This in vivo method is useful for assessing differences in migratory capability. Both input cells and recipient animals can be subject to pharmacological or other perturbations. Similarly, recipient animals can be exposed to infectious or inflammatory stimuli, or other treatments that affect lymphocyte trafficking12. This protocol can also be readily applied to transgenic mouse lines. In particular, those expressing fluorescent proteins would obviate the need for labeling and could potentiate multiplexing strategies.

It is important to note that the time in which different cell populations are mixed prior to injection should be reduced as much as possible. Differentially labeled cell populations should be mixed only after the recipient animals have been fully anesthetized and are ready for injection. The dyes present in the different populations can mix, resulting in unclear separation between the two when analysed by flow cytometry. In addition, different treatment conditions can affect the untreated cells during this time. For example, agents that bind to the cell surface may be transferred to the untreated cells, thereby confounding results.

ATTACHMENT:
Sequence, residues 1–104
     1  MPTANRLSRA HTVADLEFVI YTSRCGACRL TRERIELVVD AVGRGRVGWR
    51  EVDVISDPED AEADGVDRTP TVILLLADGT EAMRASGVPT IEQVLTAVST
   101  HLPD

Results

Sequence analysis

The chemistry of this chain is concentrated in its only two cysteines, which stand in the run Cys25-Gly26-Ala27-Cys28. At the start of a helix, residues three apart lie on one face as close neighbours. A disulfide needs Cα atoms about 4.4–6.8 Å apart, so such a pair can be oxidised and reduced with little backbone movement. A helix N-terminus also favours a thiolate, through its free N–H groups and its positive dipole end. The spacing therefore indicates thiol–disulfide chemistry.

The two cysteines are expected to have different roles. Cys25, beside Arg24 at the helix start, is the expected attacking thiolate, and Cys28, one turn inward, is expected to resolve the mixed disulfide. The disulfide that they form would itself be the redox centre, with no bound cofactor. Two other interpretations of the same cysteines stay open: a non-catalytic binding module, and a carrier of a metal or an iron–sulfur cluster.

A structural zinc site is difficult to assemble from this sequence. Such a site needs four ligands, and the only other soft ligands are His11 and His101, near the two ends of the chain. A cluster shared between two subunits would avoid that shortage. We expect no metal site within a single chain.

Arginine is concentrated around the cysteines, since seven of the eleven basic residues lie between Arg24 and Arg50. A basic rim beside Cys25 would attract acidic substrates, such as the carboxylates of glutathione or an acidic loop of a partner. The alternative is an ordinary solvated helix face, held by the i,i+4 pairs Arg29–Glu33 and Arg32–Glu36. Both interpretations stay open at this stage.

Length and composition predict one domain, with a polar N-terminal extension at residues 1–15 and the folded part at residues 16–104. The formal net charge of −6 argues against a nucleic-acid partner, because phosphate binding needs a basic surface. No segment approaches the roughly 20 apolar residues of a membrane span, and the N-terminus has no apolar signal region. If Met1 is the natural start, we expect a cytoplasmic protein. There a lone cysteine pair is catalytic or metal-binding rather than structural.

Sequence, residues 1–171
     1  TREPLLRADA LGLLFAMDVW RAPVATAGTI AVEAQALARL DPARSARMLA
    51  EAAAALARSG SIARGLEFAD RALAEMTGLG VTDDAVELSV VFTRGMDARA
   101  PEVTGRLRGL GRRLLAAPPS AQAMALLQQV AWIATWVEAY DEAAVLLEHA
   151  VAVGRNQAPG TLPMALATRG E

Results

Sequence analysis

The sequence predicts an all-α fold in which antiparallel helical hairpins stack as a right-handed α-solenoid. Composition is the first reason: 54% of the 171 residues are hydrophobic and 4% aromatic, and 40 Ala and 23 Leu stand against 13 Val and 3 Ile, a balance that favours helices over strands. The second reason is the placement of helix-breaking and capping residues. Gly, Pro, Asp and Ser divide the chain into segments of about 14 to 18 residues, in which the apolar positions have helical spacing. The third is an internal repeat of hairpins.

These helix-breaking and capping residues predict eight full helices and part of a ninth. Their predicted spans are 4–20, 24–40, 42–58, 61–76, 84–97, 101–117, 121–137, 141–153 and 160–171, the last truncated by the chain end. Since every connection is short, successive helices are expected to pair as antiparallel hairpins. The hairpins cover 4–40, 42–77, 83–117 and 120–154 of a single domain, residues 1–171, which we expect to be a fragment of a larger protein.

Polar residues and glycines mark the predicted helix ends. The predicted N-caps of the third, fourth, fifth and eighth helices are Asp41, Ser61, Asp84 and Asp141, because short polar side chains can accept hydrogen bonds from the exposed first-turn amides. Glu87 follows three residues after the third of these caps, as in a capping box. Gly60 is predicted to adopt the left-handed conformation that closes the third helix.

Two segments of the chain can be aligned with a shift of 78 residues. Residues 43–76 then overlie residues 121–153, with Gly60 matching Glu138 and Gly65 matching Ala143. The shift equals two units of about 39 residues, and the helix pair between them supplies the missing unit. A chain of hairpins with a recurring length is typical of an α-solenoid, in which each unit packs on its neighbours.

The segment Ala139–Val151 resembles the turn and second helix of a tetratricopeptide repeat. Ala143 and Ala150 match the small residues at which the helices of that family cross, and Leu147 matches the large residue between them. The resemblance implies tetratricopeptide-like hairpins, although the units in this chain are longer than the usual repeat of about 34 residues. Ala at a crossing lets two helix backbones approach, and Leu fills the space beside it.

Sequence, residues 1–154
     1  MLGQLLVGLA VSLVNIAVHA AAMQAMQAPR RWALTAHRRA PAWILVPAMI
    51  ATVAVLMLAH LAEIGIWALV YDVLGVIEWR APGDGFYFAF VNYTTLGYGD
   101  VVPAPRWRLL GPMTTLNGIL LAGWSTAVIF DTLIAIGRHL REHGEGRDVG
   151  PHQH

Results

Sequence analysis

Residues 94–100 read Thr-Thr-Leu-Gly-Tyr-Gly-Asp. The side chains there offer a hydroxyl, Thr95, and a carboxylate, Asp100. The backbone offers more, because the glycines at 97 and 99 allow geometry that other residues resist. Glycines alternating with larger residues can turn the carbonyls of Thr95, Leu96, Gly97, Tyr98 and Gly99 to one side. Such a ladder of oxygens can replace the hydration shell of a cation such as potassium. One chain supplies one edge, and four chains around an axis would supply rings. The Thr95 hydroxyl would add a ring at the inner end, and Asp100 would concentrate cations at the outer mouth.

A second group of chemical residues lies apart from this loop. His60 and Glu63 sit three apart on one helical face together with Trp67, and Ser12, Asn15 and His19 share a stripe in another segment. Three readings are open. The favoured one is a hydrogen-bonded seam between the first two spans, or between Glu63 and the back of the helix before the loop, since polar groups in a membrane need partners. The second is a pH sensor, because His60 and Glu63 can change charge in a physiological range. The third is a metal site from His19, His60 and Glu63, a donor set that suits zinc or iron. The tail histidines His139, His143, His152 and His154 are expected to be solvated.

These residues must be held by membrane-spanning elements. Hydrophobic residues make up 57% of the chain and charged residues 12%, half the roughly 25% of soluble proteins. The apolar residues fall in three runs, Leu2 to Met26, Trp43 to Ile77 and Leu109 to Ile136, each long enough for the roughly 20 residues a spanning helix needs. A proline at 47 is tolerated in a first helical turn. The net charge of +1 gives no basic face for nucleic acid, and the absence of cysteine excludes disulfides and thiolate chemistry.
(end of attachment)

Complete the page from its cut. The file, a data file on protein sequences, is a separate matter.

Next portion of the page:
Subscription Required. Please recommend JoVE to your librarian.


The authors have nothing to disclose


This work was supported by the Bernard L. Schwartz Program for Physician Scientists at The Rockefeller University, the Robertson Therapeutic Development Fund at The Rockefeller University, and the Sackler Center for Biomedicine and Nutrition Research at The Rockefeller University.


Name Company Catalog Number Comments
RPMI-1640 Thermo Fisher Scientific 11875-093
HEPES Thermo Fisher Scientific 15630-080
Fetal Bovine Serum ATCC 30-2020
Cell culture flask Corning 353136
Calcein AM Thermo Fisher Scientific C1430 Excitation: 485nm, Emission: 520nm
Cell culture dish Corning 1007
24 well plate Corning 353504
Fluoroblok Fibronectin Insert Corning CB354597
15 mL conical tube Corning 352097
Bovine Serum Albumin Cell Signaling Technology 9998S
Human Recombinant MCP-1 Peprotech 300-04
Adult bovine Serum Sigma B9433
HBSS with calcium and magnesium; no phenol red Thermo Fisher Scientific 14025-092
SpectraMax M2e plate reader Molecular Devices
Olympus IX71 inverted fluorescence microscope Olympus
Isothesia Henry Schein animal health 11695-6776-2 Isofluorane anesthesia
Cell strainer 40um nylon Falcon Corning 352340
ACK lysing buffer Quality Biological 118-156-101
CellTracker Orange CMTMR Dye Thermo Fisher Scientific C2927 Excitation: 541nm, Emission: 565nm
CellTracker Green CMFDA Dye Thermo Fisher Scientific C2925 Excitation: 485nm, Emission: 520nm
5ml syringe BD Syringe 309646
1ml TB syringe BD Syringe 309625
THP-1 cell line ATCC TIB-202
Brilliant Violet 421 anti-mouse CD3 Antibody Biolegend 100228 Excitation: 405nm, Emission: 421nm